Assistant Professor Stanford University Palo Alto, California, United States
Tanya Stoyanova (Stanford University)
Background: Prostate cancer is the most common non-cutaneous cancer and second leading cause of cancer related deaths in men in the United States. The first line of treatment for men with advanced prostate cancer is androgen deprivation therapy. Although initial responses are observed, prostate cancer commonly relapses in its lethal metastatic form referred to as castration resistant prostate cancer (CRPC) with 1-2 years mean survival time. Neuroendocrine prostate cancer (NEPC) is highly aggressive, AR independent subtype and usually emerges post castration resistance. We recently identified that the cell surface receptor, Trop2, is a new driver of NEPC. Moreover, we demonstrated that Trop2 regulates prostate cancer growth and metastasis. In this study, we set out to delineate the molecular mechanisms through which Trop2 regulates prostate cancer growth and metastasis.
Methods: Proximity-dependent Biotin Identification (BioID) followed by mass spectrometry was performed to identify Trop2 interactome. Lentiviral infection was used to generate prostate cancer cell lines with over-expression of Trop2 and knock-down of NOTCH1, SLC4A7, PLEC, and OCLN shRNA to modulate gene expression levels. In vitro functional assays were performed including colony formation, and Matrigel drop 3D cell invasion assays.
Results: The Trop2 membrane interactome was identified utilizing Proximity-dependent Biotin Identification (BioID) in living cells and uncovered that Trop2-mediated prostate cancer growth and metastasis are orchestrated by distinct downstream pathways including Notch signaling (NOTCH1), control of intracellular pH (SLC4A7), exosome secretion (PLEC), and tight junctions (OCLN). Interaction of Trop2 binding partners including NOTCH1, SLC4A7, PLEC and OCLN with Trop2 were further validated by fluorescence resonance energy transfer (FRET) using confocal microscopy. Moreover, knocking down the Trop2 interacting partners in Trop2 over-expressing prostate cancer cells suppressed Trop2-driven growth and invasion ability.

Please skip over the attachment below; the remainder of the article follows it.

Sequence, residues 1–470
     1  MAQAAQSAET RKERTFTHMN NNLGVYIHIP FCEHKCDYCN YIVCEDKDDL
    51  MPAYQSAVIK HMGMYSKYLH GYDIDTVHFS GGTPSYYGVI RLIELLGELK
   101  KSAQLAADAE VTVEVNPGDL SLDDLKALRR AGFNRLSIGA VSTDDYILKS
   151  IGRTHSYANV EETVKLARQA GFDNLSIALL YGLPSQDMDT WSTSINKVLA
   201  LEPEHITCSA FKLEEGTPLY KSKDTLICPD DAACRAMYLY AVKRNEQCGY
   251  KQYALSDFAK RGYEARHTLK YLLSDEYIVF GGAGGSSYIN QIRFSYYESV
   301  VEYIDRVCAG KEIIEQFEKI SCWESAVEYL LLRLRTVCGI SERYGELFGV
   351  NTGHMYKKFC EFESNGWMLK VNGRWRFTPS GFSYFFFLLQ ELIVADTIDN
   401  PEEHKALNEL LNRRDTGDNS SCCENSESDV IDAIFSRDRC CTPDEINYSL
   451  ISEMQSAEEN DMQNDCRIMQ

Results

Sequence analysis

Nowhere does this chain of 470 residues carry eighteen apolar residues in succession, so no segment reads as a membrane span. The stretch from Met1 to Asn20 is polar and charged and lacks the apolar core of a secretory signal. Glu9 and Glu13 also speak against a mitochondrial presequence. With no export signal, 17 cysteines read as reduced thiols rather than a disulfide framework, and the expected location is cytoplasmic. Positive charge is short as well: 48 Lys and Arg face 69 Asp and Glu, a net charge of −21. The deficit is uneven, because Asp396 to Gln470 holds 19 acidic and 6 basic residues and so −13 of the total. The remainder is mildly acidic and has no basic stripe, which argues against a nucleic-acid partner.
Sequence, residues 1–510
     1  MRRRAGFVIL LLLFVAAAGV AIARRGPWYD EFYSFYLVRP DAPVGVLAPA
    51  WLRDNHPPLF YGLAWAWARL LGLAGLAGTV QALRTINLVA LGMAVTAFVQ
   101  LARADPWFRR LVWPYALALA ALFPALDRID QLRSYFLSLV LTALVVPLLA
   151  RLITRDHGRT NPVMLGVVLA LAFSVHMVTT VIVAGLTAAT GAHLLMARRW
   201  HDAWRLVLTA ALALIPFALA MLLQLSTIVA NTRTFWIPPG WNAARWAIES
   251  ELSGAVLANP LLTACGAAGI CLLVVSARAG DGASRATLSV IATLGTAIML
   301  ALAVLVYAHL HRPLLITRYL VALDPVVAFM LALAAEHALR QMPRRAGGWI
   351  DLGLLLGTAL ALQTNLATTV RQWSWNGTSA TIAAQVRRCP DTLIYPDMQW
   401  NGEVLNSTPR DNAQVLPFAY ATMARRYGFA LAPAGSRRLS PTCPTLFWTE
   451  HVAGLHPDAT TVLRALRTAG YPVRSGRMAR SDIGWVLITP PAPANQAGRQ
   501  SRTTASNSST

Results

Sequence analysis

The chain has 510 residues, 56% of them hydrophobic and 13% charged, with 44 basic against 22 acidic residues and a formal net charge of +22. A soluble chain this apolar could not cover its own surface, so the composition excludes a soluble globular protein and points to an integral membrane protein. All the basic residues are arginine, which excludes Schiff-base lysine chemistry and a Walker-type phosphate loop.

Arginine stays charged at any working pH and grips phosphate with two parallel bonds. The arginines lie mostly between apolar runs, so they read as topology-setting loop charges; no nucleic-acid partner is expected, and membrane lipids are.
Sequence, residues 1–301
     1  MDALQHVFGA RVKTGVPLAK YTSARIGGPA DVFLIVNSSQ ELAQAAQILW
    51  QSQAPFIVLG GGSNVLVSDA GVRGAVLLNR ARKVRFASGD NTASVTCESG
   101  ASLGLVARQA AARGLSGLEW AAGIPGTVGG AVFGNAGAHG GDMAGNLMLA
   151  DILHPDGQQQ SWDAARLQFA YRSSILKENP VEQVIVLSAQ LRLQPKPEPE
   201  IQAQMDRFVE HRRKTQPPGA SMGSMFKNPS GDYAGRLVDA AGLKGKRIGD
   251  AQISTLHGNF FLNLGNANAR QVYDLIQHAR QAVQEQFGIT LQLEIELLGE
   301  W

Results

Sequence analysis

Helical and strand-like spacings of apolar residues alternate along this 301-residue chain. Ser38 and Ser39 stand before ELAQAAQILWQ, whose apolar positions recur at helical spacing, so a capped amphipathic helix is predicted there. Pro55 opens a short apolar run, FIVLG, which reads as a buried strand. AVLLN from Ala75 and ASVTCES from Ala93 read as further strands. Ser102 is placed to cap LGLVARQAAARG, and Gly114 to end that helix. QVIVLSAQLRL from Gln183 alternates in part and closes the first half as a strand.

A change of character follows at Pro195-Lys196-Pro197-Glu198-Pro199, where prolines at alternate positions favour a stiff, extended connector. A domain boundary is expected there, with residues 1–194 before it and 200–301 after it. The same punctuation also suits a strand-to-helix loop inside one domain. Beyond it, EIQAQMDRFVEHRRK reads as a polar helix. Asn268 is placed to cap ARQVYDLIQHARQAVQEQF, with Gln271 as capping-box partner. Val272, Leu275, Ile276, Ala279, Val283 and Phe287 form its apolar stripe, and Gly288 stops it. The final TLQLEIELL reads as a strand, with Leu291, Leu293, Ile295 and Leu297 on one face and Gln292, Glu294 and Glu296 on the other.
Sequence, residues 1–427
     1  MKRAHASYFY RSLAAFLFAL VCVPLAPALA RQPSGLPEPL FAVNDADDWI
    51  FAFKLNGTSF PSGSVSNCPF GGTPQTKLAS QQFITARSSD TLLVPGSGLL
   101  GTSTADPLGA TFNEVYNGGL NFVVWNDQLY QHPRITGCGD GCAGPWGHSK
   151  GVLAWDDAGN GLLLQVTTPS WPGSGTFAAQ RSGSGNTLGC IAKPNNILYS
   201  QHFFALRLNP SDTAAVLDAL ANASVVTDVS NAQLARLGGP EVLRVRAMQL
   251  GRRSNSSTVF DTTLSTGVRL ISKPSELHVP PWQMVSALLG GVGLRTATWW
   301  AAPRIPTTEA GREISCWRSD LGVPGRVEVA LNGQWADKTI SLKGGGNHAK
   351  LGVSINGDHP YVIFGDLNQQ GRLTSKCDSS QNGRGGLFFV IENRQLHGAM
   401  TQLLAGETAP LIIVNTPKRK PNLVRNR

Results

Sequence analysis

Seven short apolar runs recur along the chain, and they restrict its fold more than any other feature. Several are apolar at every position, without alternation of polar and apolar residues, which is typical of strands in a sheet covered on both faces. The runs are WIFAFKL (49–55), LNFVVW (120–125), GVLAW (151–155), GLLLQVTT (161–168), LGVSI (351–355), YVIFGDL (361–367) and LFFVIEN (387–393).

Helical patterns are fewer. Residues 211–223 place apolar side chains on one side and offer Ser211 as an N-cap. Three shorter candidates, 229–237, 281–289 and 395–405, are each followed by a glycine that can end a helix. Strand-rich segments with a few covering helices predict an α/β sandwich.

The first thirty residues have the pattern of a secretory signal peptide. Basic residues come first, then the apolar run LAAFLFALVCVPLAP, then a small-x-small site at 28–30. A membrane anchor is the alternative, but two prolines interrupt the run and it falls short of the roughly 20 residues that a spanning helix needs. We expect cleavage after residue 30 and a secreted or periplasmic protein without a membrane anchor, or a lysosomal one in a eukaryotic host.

Conclusions: In a previous study, we identified cell surface receptor, Trop2, as a novel driver of metastatic NEPC. Herein, our new findings reveal that Trop2 interacts with NOTCH1, SLC4A7, PLEC, and OCLN, which may highlight novel biological functions of Trop2 in prostate tumorigenesis and provide new understanding of the potential mechanism of neuroendocrine differentiation and metastasis to provide new therapeutic strategy for metastatic CRPC with neuroendocrine features.